Karl W. Eikenberry, serving as US ambassador to Afghanistan from 2009 to 2011 and commander of the US-led coalition Operation Enduring Freedom from 2005 to 2007, questioned the extent to which key assumptions of US COIN doctrine proved to be valid in Afghanistan.
Comments were provided by Commodore Jan Berglund, commandant of the Norwegian Defence Command and Staff College, and Ambassador Kai Eide, former United Nations Special Representative to Afghanistan.
In his introduction, Ambassador Eikenberry provided a background to the December 2009 civilian and troop surges order by President Obama, and on the US Army's and Marine Corps' COIN doctrine. The main part of the talk was devoted to three key assumptions derived from this doctrine and embedded in the civil-military campaign plan developed to deliver the troop surge in Afghanistan:
- that the overarching goal of protecting the population was clear and attainable;
- that the Afghan Government would become more accountable and politically legitimate with higher levels of US and international support; and
- that the application of US COIN doctrine in Afghanistan was aligned with the political-military approach preferred by the Karzai administration.
In Eikenberry's perspective, these assumptions were incorrect in Afghanistan.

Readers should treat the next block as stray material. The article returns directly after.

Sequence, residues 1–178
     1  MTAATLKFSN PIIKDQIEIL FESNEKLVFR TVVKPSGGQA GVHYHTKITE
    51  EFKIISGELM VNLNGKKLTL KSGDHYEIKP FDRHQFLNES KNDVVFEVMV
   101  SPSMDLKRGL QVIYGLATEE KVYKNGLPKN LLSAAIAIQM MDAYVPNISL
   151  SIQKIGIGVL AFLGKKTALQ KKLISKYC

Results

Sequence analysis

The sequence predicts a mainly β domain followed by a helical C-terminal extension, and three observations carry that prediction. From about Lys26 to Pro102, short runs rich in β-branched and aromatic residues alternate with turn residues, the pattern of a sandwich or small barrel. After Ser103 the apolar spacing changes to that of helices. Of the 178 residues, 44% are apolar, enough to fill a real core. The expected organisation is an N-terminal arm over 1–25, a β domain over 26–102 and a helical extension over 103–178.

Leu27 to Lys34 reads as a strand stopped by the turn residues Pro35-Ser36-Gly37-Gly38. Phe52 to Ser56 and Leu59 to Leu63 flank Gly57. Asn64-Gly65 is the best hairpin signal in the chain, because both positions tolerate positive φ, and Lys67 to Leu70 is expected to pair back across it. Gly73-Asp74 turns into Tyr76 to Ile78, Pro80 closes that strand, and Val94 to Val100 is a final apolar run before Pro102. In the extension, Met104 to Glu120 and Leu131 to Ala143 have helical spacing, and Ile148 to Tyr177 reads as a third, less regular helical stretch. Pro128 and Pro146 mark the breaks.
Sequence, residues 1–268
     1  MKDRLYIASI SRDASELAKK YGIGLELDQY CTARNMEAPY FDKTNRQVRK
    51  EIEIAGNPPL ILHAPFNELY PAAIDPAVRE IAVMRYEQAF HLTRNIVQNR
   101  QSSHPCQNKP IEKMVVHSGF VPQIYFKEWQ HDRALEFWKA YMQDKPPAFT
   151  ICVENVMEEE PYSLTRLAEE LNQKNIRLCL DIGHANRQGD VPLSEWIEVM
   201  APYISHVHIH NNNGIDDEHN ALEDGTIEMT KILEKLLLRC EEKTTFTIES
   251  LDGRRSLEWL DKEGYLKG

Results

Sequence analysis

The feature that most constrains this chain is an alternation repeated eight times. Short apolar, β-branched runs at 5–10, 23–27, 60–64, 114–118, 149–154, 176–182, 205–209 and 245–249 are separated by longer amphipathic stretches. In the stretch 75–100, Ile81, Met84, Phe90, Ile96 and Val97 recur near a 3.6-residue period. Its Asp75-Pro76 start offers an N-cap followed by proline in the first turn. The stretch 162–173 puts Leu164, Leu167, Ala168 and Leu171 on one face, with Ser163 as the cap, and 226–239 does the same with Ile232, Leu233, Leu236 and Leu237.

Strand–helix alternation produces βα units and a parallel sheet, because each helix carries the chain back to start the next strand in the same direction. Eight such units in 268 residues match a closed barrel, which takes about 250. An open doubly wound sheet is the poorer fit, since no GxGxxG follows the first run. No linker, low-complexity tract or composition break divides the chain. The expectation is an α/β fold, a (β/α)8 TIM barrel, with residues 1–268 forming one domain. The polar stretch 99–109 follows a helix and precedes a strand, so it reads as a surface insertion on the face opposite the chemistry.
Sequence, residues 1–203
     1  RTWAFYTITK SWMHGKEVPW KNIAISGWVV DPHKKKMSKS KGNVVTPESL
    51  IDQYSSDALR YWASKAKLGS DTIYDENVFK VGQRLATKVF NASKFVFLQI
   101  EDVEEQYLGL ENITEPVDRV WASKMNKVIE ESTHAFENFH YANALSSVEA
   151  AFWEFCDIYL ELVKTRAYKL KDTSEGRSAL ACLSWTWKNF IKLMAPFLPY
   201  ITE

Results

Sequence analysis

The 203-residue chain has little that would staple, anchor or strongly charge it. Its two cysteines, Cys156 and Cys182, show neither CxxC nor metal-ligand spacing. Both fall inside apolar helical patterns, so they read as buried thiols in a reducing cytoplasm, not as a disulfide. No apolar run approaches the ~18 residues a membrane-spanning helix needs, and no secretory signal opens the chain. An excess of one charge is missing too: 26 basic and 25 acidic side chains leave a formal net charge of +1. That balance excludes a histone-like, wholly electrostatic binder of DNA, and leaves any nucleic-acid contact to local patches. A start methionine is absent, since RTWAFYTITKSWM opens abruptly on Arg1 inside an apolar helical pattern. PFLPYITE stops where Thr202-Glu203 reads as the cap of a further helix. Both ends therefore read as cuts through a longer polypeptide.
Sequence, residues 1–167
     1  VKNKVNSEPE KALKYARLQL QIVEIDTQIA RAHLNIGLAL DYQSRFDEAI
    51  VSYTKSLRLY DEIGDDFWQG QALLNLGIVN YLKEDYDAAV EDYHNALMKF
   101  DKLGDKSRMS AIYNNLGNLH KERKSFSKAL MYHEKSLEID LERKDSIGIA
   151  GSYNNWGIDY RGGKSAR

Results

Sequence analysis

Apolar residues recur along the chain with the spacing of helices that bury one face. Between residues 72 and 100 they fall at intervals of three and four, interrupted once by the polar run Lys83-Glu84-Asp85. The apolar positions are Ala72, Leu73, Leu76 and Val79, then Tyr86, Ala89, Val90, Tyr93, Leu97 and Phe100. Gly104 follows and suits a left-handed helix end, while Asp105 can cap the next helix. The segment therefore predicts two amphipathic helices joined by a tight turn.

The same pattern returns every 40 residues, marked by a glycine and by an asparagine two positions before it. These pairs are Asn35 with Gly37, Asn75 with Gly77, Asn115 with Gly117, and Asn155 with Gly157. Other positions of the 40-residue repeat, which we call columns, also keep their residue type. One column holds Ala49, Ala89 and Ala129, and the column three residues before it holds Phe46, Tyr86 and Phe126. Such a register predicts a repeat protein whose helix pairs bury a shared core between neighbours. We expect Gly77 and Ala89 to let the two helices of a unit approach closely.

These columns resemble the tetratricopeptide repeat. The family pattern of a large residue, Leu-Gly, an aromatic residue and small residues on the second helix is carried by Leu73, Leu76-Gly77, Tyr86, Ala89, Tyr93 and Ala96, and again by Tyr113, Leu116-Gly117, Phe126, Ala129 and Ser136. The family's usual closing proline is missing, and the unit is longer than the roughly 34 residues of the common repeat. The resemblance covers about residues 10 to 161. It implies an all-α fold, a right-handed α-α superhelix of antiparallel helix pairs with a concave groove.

Ambassador Eikenberry concluded that the American experience in Afghanistan is a reminder that war should only be waged in pursuit of clear political goals, and that the war has demonstrated the risk of senior commanders becoming intellectually rigid; the COIN paradigm was applied with an unquestioning zeal. Finally, notwithstanding the limits of intervention in Afghanistan, the techniques and procedures put into practice should not categorically be rejected. Before launching a future COIN campaign, however, there should be a rigorous and transparent debate about the proposed ends, ways and means.
Commodore Berglund commented that COIN may have been the wrong doctrine for operations in Afghanistan, and that experience from Afghanistan has highlighted the danger of military doctrinal principles becoming, in part, a substitute for strategy. He said the hasty developed NATO COIN doctrine partly served to ensure the interoperability of forces, and that its implementation suffered from a lack of coordination between civil and military efforts and a lack of appreciation of the complexity of actors involved. Finally, Berglund raised the question of whether such campaigns should be civilian-led.
Ambassador Eide commented that the civilian expertise required to make the surge in Afghanistan work was lacking, both in terms of numbers and knowledge. There has generally been an imbalance between the civilian and military component of the international engagement in favour of the latter, he said, and real efforts at nation-building were initiated too late. He also addressed problems associated with the limited time perspective of the military engagement, and President Karzai's dilemma between nurturing the international partnership and the need to protect Afghan sovereignty. The fundamental problem in Afghanistan, Eide concluded, has been a lack of understanding of Afghan society.
Summary by Ida Maria Oma